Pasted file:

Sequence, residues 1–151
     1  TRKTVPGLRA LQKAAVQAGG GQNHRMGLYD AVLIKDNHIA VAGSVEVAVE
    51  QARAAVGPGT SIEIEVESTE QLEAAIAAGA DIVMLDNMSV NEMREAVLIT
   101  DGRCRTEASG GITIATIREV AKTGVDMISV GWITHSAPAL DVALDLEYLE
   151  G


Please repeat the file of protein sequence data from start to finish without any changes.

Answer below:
Sequence, residues 1–151
     1  TRKTVPGLRA LQKAAVQAGG GQNHRMGLYD AVLIKDNHIA VAGSVEVAVE
    51  QARAAVGPGT SIEIEVESTE QLEAAIAAGA DIVMLDNMSV NEMREAVLIT
   101  DGRCRTEASG GITIATIREV AKTGVDMISV GWITHSAPAL DVALDLEYLE
   151  G